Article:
We highlight the role played by banks’ franchise values as the determinant of equilibrium behavior. Lower franchise values exacerbate the incentive problem and lead to worse outcomes. To the extent that banks’ market-to-book multiples provide a proxy for franchise values, our arguments take on added significance in the current environment of depressed market-to-book ratios in the banking sector.

In the simplified setting of our model with a fixed terminal date, the optimal policy that maximizes the value of the bank (total equity plus debt value) is to pay no dividends. This is because paying dividends will decrease the total value of the bank by increasing the probability that its franchise value will be lost. However, we show that in practice when the dividend policy of a bank is set to maximize only its equity holders’ value, the dividend policy reflects a tradeoff between (i) paying out to equity holders the available cash today rather than transferring it to creditors in default states in the future; and (ii) saving the equity’s option on the franchise value since dividend payout raises the likelihood of default and thus foregoing this value. When debt is risky (i.e, when bank leverage is sufficiently high), the optimal dividend policy depends on the bank’s franchise value. If the franchise value exceeds a critical threshold, the effect in (ii) dominates and it becomes optimal for the bank not to pay any dividends. However, if the franchise value is below the critical threshold such that risk-shifting benefits in (i) become dominant, then the bank would pay out all available cash as dividends.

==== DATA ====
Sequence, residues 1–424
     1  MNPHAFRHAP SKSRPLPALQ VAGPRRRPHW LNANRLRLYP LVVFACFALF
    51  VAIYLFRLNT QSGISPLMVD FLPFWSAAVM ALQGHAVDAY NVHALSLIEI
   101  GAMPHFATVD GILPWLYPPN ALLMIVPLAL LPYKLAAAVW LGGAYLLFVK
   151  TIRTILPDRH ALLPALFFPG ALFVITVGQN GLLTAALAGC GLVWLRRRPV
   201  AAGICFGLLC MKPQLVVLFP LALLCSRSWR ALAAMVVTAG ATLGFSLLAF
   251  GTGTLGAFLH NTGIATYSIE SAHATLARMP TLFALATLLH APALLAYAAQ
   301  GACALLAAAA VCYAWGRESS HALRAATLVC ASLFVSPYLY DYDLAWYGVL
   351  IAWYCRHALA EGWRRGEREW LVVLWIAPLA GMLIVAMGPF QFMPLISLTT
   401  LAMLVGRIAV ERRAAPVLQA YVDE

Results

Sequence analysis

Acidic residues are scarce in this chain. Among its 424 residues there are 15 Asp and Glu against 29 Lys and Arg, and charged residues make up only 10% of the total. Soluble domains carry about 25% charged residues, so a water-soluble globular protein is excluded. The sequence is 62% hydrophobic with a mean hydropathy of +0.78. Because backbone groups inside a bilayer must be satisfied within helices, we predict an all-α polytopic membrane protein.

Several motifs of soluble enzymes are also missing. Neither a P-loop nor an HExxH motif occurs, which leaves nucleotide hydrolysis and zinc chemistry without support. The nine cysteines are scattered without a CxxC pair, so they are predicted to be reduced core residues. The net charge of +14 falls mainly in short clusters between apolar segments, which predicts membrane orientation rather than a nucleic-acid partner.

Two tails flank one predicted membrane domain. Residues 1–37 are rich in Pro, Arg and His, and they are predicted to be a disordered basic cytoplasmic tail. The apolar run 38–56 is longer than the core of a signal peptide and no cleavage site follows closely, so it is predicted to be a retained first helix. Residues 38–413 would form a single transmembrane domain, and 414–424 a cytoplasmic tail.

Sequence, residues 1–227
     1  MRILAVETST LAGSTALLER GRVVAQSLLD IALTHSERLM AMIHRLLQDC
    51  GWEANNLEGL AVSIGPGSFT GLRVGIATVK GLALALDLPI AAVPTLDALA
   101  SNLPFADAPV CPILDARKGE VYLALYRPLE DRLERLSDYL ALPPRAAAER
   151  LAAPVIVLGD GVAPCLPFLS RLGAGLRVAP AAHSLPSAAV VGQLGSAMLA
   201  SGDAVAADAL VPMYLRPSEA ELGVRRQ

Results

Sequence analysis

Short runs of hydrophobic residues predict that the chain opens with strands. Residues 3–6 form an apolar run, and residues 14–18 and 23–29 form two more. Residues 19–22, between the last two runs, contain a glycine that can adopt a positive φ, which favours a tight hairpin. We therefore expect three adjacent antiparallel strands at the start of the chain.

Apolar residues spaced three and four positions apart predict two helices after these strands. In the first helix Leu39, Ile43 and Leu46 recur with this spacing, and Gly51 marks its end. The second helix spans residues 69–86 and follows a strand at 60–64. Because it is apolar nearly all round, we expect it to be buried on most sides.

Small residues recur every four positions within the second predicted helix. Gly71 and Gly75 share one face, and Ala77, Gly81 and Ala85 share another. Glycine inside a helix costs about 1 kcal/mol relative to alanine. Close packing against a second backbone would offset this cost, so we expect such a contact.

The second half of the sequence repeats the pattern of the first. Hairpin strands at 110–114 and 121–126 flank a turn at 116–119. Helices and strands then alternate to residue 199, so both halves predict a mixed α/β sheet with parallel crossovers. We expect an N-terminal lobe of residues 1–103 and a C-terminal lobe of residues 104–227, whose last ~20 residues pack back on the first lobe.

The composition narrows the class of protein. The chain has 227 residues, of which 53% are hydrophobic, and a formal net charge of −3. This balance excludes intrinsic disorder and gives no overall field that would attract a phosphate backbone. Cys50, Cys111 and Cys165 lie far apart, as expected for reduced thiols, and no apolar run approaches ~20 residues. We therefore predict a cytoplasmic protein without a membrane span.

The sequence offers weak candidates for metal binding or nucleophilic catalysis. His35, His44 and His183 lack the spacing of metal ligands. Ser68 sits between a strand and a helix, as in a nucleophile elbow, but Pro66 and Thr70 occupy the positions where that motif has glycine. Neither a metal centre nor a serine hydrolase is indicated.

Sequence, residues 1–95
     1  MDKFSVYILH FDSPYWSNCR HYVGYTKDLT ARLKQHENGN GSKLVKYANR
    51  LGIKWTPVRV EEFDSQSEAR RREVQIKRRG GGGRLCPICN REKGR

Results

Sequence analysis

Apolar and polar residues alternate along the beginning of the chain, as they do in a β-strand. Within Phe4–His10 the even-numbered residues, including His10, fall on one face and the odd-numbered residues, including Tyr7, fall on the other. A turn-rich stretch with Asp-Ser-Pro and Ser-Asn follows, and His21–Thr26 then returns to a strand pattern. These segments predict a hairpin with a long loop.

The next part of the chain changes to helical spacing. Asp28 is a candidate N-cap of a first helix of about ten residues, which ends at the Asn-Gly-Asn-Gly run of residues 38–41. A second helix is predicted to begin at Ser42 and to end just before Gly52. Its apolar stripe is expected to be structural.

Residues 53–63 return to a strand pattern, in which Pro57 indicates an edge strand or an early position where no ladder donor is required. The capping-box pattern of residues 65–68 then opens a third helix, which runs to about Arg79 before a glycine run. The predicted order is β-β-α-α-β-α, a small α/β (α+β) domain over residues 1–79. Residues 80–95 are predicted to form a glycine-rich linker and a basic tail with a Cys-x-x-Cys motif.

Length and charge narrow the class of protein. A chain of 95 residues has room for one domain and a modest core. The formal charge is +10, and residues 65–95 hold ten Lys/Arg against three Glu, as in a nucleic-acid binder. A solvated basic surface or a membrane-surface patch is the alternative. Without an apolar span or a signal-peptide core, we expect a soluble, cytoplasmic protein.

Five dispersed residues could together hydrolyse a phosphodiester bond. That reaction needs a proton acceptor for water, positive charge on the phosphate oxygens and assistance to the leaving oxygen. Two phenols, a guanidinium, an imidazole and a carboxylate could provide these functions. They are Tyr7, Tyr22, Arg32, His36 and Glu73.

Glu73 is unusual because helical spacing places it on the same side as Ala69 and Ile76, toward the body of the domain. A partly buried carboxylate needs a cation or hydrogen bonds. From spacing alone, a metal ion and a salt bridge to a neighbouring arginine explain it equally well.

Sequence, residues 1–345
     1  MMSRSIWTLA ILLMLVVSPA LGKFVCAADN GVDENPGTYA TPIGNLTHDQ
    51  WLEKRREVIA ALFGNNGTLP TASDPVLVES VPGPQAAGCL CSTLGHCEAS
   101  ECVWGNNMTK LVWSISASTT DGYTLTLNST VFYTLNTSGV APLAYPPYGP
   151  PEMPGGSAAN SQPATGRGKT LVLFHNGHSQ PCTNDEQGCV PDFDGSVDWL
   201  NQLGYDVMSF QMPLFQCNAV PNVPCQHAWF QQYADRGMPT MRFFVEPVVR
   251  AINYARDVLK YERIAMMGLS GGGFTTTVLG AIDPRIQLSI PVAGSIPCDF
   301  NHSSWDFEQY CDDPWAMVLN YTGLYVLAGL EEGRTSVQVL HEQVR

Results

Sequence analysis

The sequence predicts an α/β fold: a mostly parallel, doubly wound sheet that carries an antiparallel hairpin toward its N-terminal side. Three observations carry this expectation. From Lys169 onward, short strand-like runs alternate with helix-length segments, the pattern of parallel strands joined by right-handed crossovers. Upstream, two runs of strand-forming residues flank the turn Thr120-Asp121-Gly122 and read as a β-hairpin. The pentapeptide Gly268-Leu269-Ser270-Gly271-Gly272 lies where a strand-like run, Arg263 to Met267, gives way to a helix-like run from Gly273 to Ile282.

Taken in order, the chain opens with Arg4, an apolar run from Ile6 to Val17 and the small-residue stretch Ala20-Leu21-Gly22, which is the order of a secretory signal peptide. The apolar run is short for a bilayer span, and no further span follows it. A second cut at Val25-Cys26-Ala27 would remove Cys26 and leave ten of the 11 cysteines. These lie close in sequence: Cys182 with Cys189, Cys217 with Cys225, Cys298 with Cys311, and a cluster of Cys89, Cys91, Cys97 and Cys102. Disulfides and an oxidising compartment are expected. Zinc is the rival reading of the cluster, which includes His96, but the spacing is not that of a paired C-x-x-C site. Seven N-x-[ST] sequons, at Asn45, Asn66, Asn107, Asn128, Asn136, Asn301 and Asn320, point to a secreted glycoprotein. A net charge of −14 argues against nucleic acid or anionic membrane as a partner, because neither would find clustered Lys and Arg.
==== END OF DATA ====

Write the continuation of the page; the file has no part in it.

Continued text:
Equilibrium in the dividend game reflects the spillovers across banks, and the benchmark model with common knowledge of payoffs gives rise to multiple equilibria. We refine these equilibria using global game methods, and derive the unique switching equilibrium. In this equilibrium, each bank’s payout policy depends on its franchise value. There is a critical threshold for the franchise value such that a bank pays no dividends above the threshold and pays maximum dividends below the threshold.[1]